Have you ever looked at a piece of art or listened to music and been filled with wonder that such a thing existed? When I look at all the different snowflake shapes, I find their beauty is awe-inspiring. But I am also amazed by what scientists are capable of: our satellites can help predict floods, droughts, and landslides; help with agriculture; determine if a cyclone might be intensifying; and be used to improve weather and climate change forecasting.
As an Earth Scientist at NASA, I use NASA satellites with instruments looking down toward Earth to help understand the role of precipitation, specifically falling snow, in the global hydrology and energy cycles. I am the Deputy Project Scientist of a NASA mission called Global Precipitation Measurement (GPM). This satellite will be launched in 2014 and will be able to unify multi-satellite measurements into 3-hour global estimates of rain and to be able to detect falling snow.
To be able to do such great things for human society with a satellite science mission makes me feel that I am helping all of us. It is incredibly important for us to understand the hydrology and energy cycles of the earth and the work that my colleagues and I are doing can help increase our knowledge.
Dr. Gail Jackson. Credit: NASA.
I chanced upon this career. I grew up in Florida because my father was a Physics Professor at Florida State University. When I went to college, I decided to study Computer Science instead of physics. But about halfway through my coursework with Computer Science, I realized that I really didn’t want to sit in front of a computer for the rest of my career. I switched to become an Electrical Engineering major and enjoyed it.
One day I saw a picture of a hurricane taken from a satellite and I knew, I just knew, that I had found exactly what I wanted to do: remote sensing of the Earth. I eventually ended up at Georgia Institute of Technology to work on a doctoral degree in remote sensing of rain and ice in clouds in the Electrical Engineering department. After I started working at NASA, I further focused on the science remote sensing (estimating) of falling snow. As the Deputy Project Scientist of the Global Precipitation Measurement mission, I get to use both my engineering and science skills. While I had expected that I would be leaving physics and my days in front of computers behind when I began my Electrical Engineering major, my career involves much of both. But I love it!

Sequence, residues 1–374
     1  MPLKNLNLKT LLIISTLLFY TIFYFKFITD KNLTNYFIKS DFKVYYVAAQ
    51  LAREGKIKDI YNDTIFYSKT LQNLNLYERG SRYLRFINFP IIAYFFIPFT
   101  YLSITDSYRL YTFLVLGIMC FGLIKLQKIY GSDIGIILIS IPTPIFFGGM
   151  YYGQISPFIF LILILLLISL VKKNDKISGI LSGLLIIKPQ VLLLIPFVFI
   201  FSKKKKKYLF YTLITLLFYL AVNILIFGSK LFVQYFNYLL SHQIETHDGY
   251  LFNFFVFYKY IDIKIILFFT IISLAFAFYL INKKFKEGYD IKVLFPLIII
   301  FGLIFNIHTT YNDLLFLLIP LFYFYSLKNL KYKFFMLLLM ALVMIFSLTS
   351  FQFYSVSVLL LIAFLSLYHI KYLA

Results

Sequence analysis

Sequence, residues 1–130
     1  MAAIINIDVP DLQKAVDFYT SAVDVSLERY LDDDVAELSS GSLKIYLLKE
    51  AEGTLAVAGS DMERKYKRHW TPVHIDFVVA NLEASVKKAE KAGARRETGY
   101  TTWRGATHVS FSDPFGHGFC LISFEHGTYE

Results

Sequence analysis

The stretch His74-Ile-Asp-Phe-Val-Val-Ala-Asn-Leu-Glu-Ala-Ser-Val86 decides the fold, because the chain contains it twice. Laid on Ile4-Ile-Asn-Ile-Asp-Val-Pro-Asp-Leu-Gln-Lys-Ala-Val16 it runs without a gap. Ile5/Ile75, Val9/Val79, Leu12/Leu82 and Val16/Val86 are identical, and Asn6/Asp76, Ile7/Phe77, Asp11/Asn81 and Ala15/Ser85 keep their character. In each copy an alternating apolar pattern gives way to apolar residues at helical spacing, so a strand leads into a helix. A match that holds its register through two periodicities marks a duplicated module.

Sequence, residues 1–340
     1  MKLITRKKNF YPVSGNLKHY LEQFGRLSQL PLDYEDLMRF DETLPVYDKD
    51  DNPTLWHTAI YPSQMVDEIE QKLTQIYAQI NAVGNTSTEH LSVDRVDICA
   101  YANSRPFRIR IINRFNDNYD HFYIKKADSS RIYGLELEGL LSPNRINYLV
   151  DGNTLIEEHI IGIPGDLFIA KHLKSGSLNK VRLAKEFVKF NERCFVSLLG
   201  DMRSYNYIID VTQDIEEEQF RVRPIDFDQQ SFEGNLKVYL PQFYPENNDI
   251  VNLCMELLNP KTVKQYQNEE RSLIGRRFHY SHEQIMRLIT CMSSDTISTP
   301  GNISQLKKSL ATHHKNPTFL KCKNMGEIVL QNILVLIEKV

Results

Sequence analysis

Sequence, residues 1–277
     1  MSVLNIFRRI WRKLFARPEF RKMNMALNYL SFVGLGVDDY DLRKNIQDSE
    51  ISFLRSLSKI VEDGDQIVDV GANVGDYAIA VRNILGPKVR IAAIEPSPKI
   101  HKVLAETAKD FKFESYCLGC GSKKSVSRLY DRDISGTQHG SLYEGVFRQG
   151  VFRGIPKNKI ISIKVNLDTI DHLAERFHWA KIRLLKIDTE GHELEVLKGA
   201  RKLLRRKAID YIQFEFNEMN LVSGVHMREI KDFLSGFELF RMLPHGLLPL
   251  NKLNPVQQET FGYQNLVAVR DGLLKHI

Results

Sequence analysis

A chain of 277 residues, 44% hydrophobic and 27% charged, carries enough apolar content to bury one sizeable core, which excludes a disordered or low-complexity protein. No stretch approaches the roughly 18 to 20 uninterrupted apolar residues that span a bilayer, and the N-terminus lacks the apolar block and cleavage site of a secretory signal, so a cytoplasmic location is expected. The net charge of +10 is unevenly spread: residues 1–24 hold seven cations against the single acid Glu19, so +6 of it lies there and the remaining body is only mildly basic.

Photos of snowflakes taken near Toronto, Canada during a 2012 field campaign
to measure and understand falling snow processes. Credit: University of Manitoba, ground instruments.
The complexities of falling snow are great in terms of snowflake shape, melting fraction, and surface snowpack characteristics. Much work is needed to understand these properties of falling snow. Maybe you could help by studying engineering, meteorology, atmospheric science, or computer modeling. I look forward to seeing YOU in this field in the future.
Post by Gail Jackson, physical scientist at Goddard Space Flight Center. Dr. Jackson uses NASA satellites to study falling snow and other precipitation.